Kālidāsa ("servant of Kali" Kannada: ) was a Classical Sanskrit writer, widely regard he greatest poet and dramatist in the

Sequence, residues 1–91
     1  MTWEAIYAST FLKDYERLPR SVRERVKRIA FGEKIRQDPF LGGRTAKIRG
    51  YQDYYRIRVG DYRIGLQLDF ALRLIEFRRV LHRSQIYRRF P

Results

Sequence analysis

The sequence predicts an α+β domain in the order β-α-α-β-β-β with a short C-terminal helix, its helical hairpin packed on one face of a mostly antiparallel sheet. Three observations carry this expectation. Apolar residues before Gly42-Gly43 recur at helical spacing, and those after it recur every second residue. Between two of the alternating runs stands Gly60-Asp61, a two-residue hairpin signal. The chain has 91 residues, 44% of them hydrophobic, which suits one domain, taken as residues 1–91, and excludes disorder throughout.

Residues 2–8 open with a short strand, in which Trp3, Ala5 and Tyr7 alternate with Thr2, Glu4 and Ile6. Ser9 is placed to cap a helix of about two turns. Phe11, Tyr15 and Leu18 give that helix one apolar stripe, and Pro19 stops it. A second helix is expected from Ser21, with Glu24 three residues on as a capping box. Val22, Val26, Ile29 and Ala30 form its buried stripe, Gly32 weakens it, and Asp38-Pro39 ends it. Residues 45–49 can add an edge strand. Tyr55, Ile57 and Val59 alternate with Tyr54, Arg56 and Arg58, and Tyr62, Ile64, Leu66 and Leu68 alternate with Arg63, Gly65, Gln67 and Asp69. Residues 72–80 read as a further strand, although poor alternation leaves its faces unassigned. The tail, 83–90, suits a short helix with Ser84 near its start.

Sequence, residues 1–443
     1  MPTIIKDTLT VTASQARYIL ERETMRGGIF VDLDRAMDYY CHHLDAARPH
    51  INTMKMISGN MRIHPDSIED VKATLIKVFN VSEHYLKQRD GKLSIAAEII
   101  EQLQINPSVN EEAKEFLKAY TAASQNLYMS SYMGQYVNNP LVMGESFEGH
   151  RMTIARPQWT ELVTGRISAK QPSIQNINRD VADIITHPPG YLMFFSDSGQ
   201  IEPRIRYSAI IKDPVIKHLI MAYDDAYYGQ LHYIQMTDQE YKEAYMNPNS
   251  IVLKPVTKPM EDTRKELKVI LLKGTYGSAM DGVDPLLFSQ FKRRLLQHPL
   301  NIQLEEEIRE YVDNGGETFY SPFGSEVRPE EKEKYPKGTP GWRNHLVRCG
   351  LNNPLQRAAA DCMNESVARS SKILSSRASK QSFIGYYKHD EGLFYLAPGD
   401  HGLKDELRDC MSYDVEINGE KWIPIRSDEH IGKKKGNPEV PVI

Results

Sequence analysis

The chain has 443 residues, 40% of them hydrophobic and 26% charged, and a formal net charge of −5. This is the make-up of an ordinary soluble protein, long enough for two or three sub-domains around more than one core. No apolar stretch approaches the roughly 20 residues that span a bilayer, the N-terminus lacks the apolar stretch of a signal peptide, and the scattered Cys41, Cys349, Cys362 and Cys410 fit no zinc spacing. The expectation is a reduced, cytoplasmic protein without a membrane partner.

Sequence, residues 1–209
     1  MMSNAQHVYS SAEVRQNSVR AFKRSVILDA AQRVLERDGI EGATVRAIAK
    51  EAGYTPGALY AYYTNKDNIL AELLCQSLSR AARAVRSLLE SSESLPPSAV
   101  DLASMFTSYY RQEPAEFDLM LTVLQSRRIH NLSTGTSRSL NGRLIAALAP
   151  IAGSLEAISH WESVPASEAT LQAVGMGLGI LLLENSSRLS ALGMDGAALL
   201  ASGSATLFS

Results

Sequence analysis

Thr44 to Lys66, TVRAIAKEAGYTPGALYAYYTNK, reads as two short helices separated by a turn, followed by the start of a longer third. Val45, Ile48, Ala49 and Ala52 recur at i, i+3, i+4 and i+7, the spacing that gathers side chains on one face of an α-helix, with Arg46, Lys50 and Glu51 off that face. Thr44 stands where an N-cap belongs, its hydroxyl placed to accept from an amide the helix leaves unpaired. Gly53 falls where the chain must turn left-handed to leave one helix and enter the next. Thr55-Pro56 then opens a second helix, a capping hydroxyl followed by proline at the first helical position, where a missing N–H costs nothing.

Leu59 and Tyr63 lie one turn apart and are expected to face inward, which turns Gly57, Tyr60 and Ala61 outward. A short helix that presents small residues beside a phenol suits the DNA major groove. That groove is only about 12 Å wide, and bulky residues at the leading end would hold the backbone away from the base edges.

Sanskrit language. His floruit cannot be d ated with precision, but most likely falls within the 5th century CE.[1] His plays and poetry are primarily based on the Hindu Puranas and Hindu philosop hy. Contents [hide] 1 Early life 2 Works 2.1 Plays 3 Later culture 4 Further reading 5 See also 6 References 7 External links Early life[edit] Scholars have speculated that Kālidāsa may have lived either near the Himalayas, or in the vicinity of Ujjain, or in [[Kalinga (India)|Kalinga]]. The three speculat ions are based respectively on Kālidāsa's detailed description of the Himalayas in h is Kumārasambhava, the display of his love for Ujjain in Meghadūta, and his highly e ulogistic descriptions of Kalingan emperor Hemāngada in Raghuvaṃśa (sixth sarga). It i s believed that he was from humble origin, married to princess and challenged by his wife, studied poetry to become great poet.[2] Some believe that he visited Kumaradasa, the king of Ceylone and, because of some treachery, Kalidasa was mur dered there.[2] Works[edit] Plays[edit] Kālidāsa wrote three plays. Among them, Abhijñānaśākuntalam ("Of Shakuntala recognised by a token") is generally regarded as a masterpiece. It was among the first Sanskrit works to be translated into English, and has since been translated into many lan guages.[3] Shakuntala stops to look back at Dushyanta, Raja Ravi Varma (1848-1906). Mālavikāgnimitram ("Mālavikā and Agnimitra") tells the story of King Agnimitra, who fall s in love with the picture of an exiled servant girl named Mālavikā. When the queen discovers her husband's passion for this girl, she becomes infuriated and has Māla vikā imprisoned, but as fate would have it, Mālavikā is in fact a true-born princess, thus legitimizing the affair. Abhijñānaśākuntalam ("Of Shakuntala recognised by a token") tells the story of King Dush yanta who, while on a hunting trip, meets Shakuntalā, the adopted daughter of a sa ge, and marries her. A mishap befalls them when he is summoned back to court: Sh akuntala, pregnant with their child, inadvertently offends a visiting sage and i ncurs a curse, by which Dushyanta will forget her completely until he sees the r ing he has left with her. On her trip to Dushyanta's court in an advanced state of pregnancy, she loses the ring, and has to come away unrecognized. The ring is found by a fisherman who recognizes the royal seal and returns it to Dushyanta, who regains his memory of Shakuntala and sets out to find her. After more trava ils, they are finally reunited. Vikramōrvaśīyam ("Pertaining to Vikrama and Urvashi") tells the story of mortal King P ururavas and celestial nymph Urvashi who fall in love. As an immortal, she has t o return to the heavens, where an unfortunate accident causes her to be sent bac k to the earth as a mortal with the curse that she will die (and thus return to heaven) the moment her lover lays his eyes on the child which she will bear him. After a series of mishaps, including Urvashi's temporary transformation into a vine, the curse is lifted, and the lovers are allowed to remain together on the earth. Kālidāsa is the author of two epic poems, Raghuvaṃśa ("Dynasty of Raghu") and Kumārasambha va (Birth of 'Kumara' or Subrahmanya).